In Bhutan the biggest and the most colourful festival is the “Tshechu”. The Tshechu is a festival honoring Guru Padma Sambhava (“one who was born from a lotus”) an Indian saint who contributed enormously to the diffusion of Tantric Buddhism in the Himalayan regions of Tibet, Nepal and Bhutan in the 8th century. He was the founder of the Nyingmapa sect, the “old school” of Mahayana Buddhism, which has a wide following today. The biography of the guru is highlighted by episodes based on the model of Buddha Sakyamuni’s life. Each episode is commemorated around the year on the 10th day of the month through a “Tshechu”. The dates and the duration of the festivals vary from one district to another, but they always take place on or around the 10th day of the month in the Bhutanese calendar.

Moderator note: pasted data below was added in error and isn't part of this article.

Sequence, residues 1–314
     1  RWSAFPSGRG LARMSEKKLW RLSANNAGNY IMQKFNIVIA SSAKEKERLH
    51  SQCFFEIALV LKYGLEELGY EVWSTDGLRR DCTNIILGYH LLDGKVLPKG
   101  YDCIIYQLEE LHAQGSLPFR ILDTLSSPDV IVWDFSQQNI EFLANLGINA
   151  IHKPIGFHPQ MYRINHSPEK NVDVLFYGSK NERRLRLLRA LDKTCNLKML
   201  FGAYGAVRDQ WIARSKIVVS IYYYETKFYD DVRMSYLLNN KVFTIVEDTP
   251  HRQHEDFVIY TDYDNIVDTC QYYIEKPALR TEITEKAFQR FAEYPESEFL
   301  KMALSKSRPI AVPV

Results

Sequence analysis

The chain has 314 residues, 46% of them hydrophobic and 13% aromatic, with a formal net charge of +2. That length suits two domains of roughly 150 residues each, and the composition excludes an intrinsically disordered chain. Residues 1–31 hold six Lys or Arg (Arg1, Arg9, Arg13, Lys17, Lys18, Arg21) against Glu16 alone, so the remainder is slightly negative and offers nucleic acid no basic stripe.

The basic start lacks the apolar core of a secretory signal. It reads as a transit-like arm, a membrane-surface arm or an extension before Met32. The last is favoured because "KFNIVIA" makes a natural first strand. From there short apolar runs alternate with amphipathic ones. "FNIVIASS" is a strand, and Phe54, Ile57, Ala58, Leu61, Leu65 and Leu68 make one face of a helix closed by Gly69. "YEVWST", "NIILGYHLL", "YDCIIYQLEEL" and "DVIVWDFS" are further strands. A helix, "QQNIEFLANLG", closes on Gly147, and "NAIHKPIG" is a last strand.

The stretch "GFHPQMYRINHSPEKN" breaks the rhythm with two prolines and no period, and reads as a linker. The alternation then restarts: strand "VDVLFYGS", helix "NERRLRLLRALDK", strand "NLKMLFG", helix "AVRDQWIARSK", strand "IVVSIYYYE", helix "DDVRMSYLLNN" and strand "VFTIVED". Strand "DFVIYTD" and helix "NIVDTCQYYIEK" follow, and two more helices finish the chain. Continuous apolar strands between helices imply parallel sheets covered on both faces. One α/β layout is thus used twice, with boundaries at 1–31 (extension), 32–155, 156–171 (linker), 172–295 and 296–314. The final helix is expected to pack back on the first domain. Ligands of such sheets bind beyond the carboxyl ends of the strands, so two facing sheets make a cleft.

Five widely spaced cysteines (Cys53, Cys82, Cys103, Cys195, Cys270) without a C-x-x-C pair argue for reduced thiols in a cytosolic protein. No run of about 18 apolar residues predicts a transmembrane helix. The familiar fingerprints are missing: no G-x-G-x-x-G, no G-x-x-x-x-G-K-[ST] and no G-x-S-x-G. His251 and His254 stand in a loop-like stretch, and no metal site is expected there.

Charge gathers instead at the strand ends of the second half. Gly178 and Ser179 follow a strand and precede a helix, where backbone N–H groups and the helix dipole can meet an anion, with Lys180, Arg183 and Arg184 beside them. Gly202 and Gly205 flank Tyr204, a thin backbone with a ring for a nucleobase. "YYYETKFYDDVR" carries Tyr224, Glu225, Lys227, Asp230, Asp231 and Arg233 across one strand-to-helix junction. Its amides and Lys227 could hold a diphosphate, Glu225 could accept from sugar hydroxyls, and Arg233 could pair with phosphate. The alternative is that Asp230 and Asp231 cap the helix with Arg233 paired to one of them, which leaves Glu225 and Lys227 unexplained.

The dances are performed by monks as well as lay people. Many of the dances were established by Zhabdrung Ngawang Namgyal or by Pema Lingpa. The dancers take on the aspects of wrathful and compassionate deities, heroes, demons and animals. The dances, known as cham, bring blessings upon the onlookers, instruct them in the dharma (Buddhist teachings), protect them from misfortune, and exorcise evil influences. The Tshechu is a religious festival and people believe they gain merit by attending it. Deities are invoked during the dances; through their power and benediction misfortunes may be annihilated, luck increased and wishes realized. The Tshechu is also a yearly social gathering where the people rejoice together, dressed in their finest clothing and jewellery.